Pennsylvania Casino Revenue Continues To Slide; Online Gambling Sits On Sidelines As Possible Solution

March 17, 2017
Pennsylvania Casino Revenue Continues To Slide; Online Gambling Sits On Sidelines As Possible Solution

The news for the Pennsylvania casino industry continues to be less-than-stellar, as total gaming revenue dropped year-over-year in February.

The PA casino numbers, at a glance

Revenue for PA’s 12 casinos in February came in at $258.6 million. That’s a large number, to be sure, but it’s a drop of about $10 million, or 3.7 percent, from last February. Most of that is due to a poor showing in slot machine revenue.

Of course, last year was a leap year with an extra day in February, and the drop is at least partially attributable to that. But February in 2016 and 2017 had the same number of weekends, when the rubber meets the road in terms of gaming revenue.

Just two casinos — Sands Bethlehem and Lady Luck Nemacolin — experienced YoY increases in revenue.

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The downward trend of PA gambling revenue

In a vacuum, February might not be that concerning.

But this has been a trend gaining momentum for several months. It’s the fifth straight month where PA slot revenue has decreased. That’s certainly a trend that can’t simply be chalked up to how the calendar falls.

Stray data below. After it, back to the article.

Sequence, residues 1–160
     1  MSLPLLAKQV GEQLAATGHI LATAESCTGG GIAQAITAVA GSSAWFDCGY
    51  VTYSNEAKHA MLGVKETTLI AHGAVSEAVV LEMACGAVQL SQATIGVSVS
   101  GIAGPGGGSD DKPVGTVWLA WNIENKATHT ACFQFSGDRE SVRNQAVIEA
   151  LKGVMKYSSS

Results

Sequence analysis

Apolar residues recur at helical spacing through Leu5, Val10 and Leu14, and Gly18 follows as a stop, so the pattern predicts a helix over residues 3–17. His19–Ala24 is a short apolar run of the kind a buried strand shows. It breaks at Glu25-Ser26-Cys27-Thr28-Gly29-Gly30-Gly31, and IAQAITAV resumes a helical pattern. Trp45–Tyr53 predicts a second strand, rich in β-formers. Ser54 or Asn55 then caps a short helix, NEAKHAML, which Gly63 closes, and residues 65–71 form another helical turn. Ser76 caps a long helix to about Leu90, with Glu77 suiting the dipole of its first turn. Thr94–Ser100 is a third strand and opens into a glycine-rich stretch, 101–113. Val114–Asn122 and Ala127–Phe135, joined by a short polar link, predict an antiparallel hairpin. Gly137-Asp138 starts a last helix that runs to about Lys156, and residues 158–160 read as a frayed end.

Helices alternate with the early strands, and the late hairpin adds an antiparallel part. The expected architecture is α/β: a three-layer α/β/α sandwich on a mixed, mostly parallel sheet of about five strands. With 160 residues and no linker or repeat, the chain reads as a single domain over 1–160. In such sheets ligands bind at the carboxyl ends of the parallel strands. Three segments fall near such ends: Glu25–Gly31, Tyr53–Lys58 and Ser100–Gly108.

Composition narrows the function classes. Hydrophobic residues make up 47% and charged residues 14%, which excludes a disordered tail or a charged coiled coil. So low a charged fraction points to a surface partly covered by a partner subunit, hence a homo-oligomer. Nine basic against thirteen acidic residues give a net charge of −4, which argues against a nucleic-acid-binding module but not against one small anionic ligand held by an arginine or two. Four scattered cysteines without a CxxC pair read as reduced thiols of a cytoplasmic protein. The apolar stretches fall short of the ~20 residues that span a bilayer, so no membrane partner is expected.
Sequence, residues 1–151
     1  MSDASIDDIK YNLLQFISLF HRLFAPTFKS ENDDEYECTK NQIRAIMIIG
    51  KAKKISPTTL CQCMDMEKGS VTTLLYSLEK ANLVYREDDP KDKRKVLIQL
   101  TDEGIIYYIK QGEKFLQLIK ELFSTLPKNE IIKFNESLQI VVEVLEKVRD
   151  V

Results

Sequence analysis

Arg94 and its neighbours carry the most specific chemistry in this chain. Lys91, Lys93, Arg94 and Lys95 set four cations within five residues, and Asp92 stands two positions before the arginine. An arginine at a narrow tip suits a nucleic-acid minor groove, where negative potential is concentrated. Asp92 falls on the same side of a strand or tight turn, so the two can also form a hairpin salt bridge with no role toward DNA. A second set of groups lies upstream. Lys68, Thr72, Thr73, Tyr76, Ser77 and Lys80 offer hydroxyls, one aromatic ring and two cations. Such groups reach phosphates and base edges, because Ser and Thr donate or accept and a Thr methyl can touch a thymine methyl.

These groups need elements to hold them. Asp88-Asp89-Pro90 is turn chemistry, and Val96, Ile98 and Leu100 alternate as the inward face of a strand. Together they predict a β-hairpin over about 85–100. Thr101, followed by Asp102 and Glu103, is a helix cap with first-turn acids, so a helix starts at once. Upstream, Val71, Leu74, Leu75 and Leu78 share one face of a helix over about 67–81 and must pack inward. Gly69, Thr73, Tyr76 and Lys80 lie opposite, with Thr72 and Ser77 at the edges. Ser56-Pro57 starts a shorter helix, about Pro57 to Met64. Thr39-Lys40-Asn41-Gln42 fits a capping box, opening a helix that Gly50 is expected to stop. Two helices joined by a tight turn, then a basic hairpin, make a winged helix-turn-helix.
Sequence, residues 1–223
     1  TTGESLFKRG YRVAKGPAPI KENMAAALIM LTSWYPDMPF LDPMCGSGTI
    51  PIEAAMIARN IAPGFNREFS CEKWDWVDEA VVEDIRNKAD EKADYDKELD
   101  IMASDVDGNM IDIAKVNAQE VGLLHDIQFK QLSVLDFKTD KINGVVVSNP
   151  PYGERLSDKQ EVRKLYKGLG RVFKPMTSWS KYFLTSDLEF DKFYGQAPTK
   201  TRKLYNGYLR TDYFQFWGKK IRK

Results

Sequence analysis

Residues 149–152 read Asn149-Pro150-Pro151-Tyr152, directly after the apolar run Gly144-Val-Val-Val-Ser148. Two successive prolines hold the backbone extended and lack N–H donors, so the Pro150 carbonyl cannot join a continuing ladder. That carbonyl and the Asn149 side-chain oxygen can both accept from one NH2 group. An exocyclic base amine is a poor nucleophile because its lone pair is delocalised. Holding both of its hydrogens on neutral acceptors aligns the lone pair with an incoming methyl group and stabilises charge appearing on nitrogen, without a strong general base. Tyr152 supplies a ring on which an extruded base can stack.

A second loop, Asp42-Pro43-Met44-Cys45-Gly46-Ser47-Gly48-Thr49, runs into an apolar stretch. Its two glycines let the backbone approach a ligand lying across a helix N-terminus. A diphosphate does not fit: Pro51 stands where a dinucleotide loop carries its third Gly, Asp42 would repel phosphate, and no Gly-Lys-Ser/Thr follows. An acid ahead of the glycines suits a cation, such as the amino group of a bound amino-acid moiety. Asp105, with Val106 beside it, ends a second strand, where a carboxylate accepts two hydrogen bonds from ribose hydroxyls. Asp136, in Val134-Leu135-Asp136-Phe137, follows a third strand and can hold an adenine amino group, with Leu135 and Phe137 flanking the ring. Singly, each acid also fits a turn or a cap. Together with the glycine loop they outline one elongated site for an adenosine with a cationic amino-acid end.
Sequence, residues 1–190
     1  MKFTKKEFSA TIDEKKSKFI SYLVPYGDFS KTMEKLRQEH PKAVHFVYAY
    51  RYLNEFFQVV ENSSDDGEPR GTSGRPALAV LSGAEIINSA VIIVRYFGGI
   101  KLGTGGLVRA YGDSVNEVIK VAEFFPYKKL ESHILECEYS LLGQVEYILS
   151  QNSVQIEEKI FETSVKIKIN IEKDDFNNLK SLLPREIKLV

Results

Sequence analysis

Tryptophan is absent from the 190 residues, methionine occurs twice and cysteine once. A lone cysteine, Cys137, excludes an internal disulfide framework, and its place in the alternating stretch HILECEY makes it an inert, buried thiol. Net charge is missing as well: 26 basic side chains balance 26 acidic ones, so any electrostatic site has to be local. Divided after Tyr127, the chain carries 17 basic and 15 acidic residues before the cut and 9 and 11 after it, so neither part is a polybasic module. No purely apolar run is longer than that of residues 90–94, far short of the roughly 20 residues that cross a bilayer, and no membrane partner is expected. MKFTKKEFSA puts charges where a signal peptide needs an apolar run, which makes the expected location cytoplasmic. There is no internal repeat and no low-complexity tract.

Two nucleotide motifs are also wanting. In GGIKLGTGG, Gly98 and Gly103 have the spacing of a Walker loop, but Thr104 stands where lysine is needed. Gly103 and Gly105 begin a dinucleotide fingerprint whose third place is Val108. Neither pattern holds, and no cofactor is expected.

Table-game revenue increases have been able to hide the problem and at least keep gaming revenue flat or increasing slightly in recent months. But this February marked the end of that as table games dropped as well.

Even if you blame the decrease entirely on the calendar, it’s clear the PA casino industry is no longer expanding.

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Online gambling the answer?

It’s clear PA lawmakers want to do something to increase gambling revenue, given the introduction of new bills and chatter in the statehouse. That need becomes even more necessary with existing gaming revenue moving in the wrong direction.

One of the possible answers in the context of a larger gambling expansion: Online gambling. Some casinos and lawmakers have expressed concerns that online casinos and poker would cannibalize existing revenue, although that’s an idea that is continuously being debunked:

  • Ten of the state’s 12 casinos say online gambling would be a boon to business.
  • The proposed “low” tax rate for iGaming would not force business from physical casinos to online casinos.
  • Evidence from both Caesars NJ and Golden Nugget casino shows that online gambling helps land-based casinos, and activates and attracts new customers.

Will PA lawmakers consider the wealth of evidence about online gambling when considering how to help the PA casino industry? We will find out of the course of this spring as the PA gambling expansion bill debate picks up steam.

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